- Copper moor : 3.7 hectares; District Remaining Hausen
- Oberrimbacher sinkholes : 71.2 ha; Gemarkungen play stream , Oberrimbach and Wildlife Bach
- Heron dump near Bächlingen : 80 ha; Bächlingen district
- Heron dump Morstein : 7.2 ha; District Dünsbach
- Reussenberg : 182.6 ha; Districts Rossfeld , Tiefenbach and Triensbach
- Great Wimbach Gorge : 3.1 ha; District Laufen am Kocher and Frickenhofen
- Lower Bühlertal : 306.0 ha; Districts Untersontheim , Vellberg , Sulzdorf , Unteraspach , Wolpertshausen and Geislingen am Kocher
- Wacholderberg-Geigerswasen : 30.8 ha; Westgartshausen district
The district of Schwäbisch Hall goes back to the old Württemberg Oberamt Hall , which was set up as a result of the transition from the former imperial city of Schwäbisch Hall to Württemberg after 1803 and subsequently changed several times. In 1938 it was transferred to the Hall district, which was renamed the Schwäbisch Hall district in 1941.
During the district reform , the district of Schwäbisch Hall was expanded on January 1, 1973 to include almost all the municipalities in the dissolved district of Crailsheim and the Gaildorf area , which had previously been part of the Backnang district . The added district of Crailsheim was also created in 1938 and goes back to the also Württemberg Oberamt Crailsheim ; it was built in 1810 and then changed several times. The area around Gaildorf had its own Oberamt before it was dissolved in 1938 and divided between the districts of Backnang and Schwäbisch Hall.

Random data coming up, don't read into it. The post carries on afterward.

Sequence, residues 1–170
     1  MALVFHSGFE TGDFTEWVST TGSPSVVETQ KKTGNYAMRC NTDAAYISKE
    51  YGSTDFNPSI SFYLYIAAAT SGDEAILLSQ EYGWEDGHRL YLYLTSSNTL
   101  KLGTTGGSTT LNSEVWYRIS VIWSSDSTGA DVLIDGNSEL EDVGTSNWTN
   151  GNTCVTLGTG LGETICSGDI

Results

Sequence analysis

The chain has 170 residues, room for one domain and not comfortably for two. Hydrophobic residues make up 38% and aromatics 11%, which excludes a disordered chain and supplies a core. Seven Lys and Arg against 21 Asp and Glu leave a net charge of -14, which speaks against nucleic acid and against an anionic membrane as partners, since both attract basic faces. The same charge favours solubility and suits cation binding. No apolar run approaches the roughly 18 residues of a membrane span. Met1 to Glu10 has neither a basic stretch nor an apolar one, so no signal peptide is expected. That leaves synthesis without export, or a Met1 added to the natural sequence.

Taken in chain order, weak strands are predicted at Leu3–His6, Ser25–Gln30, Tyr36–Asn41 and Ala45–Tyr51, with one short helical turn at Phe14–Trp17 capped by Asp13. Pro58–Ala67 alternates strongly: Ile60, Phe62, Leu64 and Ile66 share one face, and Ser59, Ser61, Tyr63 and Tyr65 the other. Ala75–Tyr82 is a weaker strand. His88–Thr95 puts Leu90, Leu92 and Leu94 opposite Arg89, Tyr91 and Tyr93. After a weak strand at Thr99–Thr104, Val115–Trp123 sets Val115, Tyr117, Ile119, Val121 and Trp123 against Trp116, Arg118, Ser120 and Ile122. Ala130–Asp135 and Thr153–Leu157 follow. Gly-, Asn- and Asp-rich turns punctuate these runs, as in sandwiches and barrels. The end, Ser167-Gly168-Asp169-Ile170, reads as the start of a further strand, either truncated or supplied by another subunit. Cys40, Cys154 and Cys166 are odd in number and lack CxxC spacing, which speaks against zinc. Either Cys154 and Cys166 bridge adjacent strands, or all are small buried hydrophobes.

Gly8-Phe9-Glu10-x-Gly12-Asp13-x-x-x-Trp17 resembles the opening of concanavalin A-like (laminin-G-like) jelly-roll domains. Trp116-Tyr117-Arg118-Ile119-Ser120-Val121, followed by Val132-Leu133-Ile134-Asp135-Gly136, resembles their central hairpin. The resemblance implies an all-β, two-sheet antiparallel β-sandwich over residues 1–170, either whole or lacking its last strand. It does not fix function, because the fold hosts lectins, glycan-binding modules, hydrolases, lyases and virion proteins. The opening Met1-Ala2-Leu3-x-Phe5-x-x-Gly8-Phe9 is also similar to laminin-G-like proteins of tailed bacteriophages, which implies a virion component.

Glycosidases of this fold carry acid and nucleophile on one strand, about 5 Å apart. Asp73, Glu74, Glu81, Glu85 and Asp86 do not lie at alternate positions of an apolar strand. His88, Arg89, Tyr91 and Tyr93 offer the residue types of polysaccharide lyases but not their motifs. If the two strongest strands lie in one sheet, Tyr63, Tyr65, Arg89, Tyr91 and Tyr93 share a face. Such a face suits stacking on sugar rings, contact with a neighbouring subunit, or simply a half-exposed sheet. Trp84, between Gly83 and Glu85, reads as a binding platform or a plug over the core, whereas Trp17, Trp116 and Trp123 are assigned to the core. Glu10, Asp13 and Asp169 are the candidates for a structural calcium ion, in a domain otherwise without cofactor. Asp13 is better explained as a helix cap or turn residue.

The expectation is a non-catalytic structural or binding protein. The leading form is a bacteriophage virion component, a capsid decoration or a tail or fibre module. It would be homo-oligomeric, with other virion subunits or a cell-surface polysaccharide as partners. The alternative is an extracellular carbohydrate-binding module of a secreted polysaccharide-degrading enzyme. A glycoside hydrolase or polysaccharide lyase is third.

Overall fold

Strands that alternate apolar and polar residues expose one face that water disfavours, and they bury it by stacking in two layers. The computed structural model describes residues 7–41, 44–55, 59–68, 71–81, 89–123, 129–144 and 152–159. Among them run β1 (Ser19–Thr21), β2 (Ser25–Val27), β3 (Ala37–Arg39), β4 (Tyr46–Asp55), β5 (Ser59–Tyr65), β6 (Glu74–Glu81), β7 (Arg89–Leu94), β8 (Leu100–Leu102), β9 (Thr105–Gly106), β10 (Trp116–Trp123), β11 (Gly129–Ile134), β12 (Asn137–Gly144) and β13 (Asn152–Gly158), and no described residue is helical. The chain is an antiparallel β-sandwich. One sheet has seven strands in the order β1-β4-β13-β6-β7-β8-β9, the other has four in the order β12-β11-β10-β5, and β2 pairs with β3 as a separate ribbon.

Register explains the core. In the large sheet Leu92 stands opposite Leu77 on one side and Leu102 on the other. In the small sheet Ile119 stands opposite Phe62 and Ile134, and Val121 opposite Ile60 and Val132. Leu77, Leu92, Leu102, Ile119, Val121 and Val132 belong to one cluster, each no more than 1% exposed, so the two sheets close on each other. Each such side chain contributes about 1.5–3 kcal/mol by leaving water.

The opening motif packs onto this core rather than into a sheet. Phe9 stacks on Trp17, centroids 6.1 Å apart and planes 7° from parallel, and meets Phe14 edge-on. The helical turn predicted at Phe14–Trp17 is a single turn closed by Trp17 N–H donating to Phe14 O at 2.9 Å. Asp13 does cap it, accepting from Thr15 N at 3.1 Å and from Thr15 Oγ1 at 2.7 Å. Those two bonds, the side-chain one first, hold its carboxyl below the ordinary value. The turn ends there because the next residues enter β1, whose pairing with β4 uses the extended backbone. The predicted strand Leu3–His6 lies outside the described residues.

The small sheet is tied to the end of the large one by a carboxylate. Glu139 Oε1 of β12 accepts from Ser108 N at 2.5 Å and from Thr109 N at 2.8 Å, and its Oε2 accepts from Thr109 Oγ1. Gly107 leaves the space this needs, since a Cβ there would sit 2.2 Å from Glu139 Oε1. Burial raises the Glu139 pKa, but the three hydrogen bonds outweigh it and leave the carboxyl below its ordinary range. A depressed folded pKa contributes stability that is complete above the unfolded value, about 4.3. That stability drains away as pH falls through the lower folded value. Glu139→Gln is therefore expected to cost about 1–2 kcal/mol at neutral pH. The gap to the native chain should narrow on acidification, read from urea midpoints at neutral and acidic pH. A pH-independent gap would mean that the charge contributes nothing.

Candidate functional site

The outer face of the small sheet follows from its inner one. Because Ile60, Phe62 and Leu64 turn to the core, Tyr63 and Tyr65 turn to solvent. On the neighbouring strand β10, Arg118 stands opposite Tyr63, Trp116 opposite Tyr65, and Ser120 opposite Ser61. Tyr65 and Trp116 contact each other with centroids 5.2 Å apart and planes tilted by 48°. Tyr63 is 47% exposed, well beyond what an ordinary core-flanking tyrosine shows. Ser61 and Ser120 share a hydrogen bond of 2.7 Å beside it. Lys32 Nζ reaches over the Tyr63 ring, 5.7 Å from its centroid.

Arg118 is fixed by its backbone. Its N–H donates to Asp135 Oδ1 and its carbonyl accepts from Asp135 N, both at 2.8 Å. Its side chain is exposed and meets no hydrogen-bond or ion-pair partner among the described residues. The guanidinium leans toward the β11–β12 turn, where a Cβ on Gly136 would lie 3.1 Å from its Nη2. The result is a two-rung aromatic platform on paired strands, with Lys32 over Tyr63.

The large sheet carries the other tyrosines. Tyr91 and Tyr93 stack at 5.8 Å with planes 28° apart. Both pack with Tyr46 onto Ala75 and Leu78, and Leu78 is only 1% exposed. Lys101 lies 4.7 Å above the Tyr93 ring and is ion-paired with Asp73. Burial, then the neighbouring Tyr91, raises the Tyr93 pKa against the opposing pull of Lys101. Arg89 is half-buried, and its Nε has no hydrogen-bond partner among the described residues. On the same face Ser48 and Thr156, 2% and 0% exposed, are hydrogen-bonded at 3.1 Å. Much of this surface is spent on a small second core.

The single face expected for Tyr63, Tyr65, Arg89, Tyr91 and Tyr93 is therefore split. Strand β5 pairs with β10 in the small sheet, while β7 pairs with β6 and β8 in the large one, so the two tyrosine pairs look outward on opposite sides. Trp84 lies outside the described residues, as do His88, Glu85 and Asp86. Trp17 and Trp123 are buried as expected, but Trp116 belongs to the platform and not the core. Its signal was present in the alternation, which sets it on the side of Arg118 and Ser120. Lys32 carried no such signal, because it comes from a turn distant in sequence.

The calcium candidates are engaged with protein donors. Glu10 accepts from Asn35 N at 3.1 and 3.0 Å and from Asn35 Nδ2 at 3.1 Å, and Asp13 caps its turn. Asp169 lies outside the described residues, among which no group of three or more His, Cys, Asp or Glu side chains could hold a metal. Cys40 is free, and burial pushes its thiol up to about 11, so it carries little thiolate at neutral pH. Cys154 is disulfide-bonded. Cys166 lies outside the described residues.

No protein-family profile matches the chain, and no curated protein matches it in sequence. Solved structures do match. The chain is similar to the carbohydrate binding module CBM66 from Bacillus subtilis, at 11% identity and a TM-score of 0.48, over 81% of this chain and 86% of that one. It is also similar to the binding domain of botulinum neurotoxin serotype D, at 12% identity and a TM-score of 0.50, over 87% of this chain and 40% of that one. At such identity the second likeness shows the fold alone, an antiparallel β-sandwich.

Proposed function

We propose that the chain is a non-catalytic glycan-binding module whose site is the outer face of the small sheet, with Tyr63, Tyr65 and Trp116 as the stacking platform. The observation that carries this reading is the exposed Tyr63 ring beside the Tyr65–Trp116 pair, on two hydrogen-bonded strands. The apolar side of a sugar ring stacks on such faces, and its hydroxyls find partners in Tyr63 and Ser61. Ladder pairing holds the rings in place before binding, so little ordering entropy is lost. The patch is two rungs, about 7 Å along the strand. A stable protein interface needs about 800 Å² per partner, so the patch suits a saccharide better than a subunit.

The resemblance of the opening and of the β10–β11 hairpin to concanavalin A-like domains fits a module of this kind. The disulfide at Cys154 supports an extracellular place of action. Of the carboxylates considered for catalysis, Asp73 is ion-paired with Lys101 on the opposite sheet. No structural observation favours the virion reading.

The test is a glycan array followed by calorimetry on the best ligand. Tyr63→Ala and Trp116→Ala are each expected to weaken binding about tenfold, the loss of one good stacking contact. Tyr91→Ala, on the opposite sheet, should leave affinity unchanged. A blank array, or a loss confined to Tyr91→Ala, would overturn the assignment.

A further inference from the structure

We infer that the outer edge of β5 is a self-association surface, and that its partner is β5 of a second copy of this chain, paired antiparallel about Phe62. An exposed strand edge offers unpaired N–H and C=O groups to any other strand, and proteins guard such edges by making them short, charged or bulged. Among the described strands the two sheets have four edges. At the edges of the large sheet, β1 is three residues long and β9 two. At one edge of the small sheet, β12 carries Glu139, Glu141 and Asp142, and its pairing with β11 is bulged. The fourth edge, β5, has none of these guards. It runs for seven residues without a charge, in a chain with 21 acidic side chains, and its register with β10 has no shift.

On January 1, 1972, the two communities Eschental and Goggenbach were reclassified into the district of Öhringen .
On January 1, 1975, the municipality of Stimpfach was taken over from the Ostalb district . It had been reclassified there on January 1, 1973 from the Crailsheim district.
After the community reform was completed in the 1970s, the district of Schwäbisch Hall now includes 30 communities, including nine towns in total and two large district towns (Crailsheim and Schwäbisch Hall). The town of Schwäbisch Hall has the most inhabitants in the district, the town of Langenburg the least ; the non-urban communities lie in between with Mainhardt as the largest and Bühlerzell as the smallest.
The population figures are census results (¹) or official updates from the Baden-Württemberg State Statistical Office (main residences only).